That’s exactly what we will be doing as government.
Mr. Speaker: The member for Richmond-Queensborough on a supplemental.
J. Johal: I remind the member that we’re talking about your election promises and your government. You have to answer to the people of British Columbia. I want to add the report…
Mr. Speaker: Members, please. We shall hear the question.
J. Johal: …on taxi modernization comes from an author who has donated to the NDP. The report terms of reference could have been written by the taxi lobby from Vancouver. Coincidentally, they donated a big chunk of change to the provincial NDP.
In the three months leading up to the election, taxi companies and associations donated over $50,000 to the NDP. The taxi lobby also donated significantly to Vision Vancouver, who was kind enough, of course, to provide the Premier with his chief of staff and other senior staffers.
Given all of the above, how can the citizens of British Columbia trust the minister to bring in a truly fair set of rules for ride-sharing — and how many consultations and how many more delays?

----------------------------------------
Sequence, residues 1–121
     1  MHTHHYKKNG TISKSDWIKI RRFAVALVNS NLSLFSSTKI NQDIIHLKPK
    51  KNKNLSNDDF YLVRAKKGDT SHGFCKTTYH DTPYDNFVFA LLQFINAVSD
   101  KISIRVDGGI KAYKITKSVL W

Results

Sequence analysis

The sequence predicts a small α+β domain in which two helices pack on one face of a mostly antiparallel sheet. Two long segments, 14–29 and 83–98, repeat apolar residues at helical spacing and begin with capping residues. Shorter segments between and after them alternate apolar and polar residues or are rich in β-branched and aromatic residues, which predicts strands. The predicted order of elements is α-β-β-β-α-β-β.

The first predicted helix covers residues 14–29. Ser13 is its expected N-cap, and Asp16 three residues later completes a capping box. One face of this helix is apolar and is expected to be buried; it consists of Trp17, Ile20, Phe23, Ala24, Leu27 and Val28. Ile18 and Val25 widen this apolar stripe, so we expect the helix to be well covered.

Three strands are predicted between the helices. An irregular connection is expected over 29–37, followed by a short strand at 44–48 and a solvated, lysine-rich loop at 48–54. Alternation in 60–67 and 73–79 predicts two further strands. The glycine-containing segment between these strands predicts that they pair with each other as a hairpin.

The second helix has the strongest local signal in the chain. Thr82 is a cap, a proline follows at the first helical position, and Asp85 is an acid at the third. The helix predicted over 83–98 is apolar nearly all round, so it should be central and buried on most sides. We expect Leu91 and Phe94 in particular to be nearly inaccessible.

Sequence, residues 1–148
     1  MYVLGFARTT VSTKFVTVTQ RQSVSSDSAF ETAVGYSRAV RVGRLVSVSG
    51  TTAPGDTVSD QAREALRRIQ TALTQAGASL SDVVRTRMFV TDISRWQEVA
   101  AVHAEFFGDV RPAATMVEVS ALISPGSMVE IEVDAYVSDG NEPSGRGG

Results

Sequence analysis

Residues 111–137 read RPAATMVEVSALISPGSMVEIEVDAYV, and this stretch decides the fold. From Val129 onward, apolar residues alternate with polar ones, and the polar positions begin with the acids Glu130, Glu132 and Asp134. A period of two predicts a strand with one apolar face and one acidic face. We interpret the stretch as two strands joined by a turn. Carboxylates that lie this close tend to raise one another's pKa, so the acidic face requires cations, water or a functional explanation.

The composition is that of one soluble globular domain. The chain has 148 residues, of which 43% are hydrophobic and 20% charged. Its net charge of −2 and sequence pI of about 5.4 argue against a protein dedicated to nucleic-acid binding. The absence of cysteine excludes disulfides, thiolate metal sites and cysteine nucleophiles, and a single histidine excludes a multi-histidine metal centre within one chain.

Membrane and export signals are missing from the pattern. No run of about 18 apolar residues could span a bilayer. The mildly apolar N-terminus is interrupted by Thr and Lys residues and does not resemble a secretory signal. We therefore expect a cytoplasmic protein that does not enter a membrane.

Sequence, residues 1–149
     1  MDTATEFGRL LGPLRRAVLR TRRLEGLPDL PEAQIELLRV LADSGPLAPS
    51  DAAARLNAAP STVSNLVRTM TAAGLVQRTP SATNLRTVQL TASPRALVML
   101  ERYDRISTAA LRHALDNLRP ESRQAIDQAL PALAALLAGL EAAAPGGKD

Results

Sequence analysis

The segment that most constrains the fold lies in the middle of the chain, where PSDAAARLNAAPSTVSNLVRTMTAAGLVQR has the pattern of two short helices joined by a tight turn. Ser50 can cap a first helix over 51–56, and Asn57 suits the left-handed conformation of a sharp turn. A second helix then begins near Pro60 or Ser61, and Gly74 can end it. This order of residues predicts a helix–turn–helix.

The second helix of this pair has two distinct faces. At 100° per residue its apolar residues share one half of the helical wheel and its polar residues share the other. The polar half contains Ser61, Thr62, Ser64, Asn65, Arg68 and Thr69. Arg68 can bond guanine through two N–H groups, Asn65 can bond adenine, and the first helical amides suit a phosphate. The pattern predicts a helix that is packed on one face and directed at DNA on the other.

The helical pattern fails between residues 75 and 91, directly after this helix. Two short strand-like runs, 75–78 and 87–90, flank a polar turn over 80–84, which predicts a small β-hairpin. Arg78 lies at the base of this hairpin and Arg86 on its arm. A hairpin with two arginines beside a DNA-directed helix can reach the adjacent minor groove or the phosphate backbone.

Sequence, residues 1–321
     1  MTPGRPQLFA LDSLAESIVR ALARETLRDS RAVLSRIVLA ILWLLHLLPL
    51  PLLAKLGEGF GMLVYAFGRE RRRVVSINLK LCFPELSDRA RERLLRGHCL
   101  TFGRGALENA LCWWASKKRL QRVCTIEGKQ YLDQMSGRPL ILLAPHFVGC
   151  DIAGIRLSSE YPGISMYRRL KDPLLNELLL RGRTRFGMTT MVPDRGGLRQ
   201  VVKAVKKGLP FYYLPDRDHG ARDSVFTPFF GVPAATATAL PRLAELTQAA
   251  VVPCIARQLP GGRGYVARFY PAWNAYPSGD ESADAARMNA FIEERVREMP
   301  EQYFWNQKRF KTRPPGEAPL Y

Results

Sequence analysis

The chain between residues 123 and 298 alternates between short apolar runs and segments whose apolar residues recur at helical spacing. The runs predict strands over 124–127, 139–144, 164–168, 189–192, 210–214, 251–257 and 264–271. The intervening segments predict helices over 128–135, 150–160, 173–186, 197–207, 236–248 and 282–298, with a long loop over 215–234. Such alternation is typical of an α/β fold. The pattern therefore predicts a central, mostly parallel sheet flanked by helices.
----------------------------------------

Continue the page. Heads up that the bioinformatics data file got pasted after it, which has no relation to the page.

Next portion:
Hon. C. Trevena: How many more times do I have to tell the House and to the members opposite that we are bringing in ride-share, that we are doing consultations and that we will be bringing in legislation for ride-share?
A. Weaver: The righteous indignation emanating from members opposite on this file is truly something to behold. Two years ago the member for Kamloops–South Thompson, the then Minister of Transportation, said that this former government was going to bring in ride-sharing, but he got soundly smacked down by somebody, and we don’t have it.
Twice before, I brought in a bill.
Mr. Speaker: Members, the member for Oak Bay–Gordon Head has the floor.
A. Weaver: On Monday the government provided British Columbians with a road map for how introduction of ride-sharing will happen in our province.
One could be forgiven for finding the announcement somewhat underwhelming. Gone was the end-of-year timeline — or any firm timeline at all, for that matter. Instead, we’re now going to embark on a review of the taxi industry, without engaging ride-share companies and without considering the impact that they might have. In essence, we’ll waste time and money to establish a new status quo.
To the Minister of Transportation: why are we making an effort to update legislation for the taxi industry without even engaging ride-sharing companies and considering the changes they may force on this industry?
Hon. C. Trevena: We are engaging with the ride-share companies.
Source: BC Hansard (Draft transcript).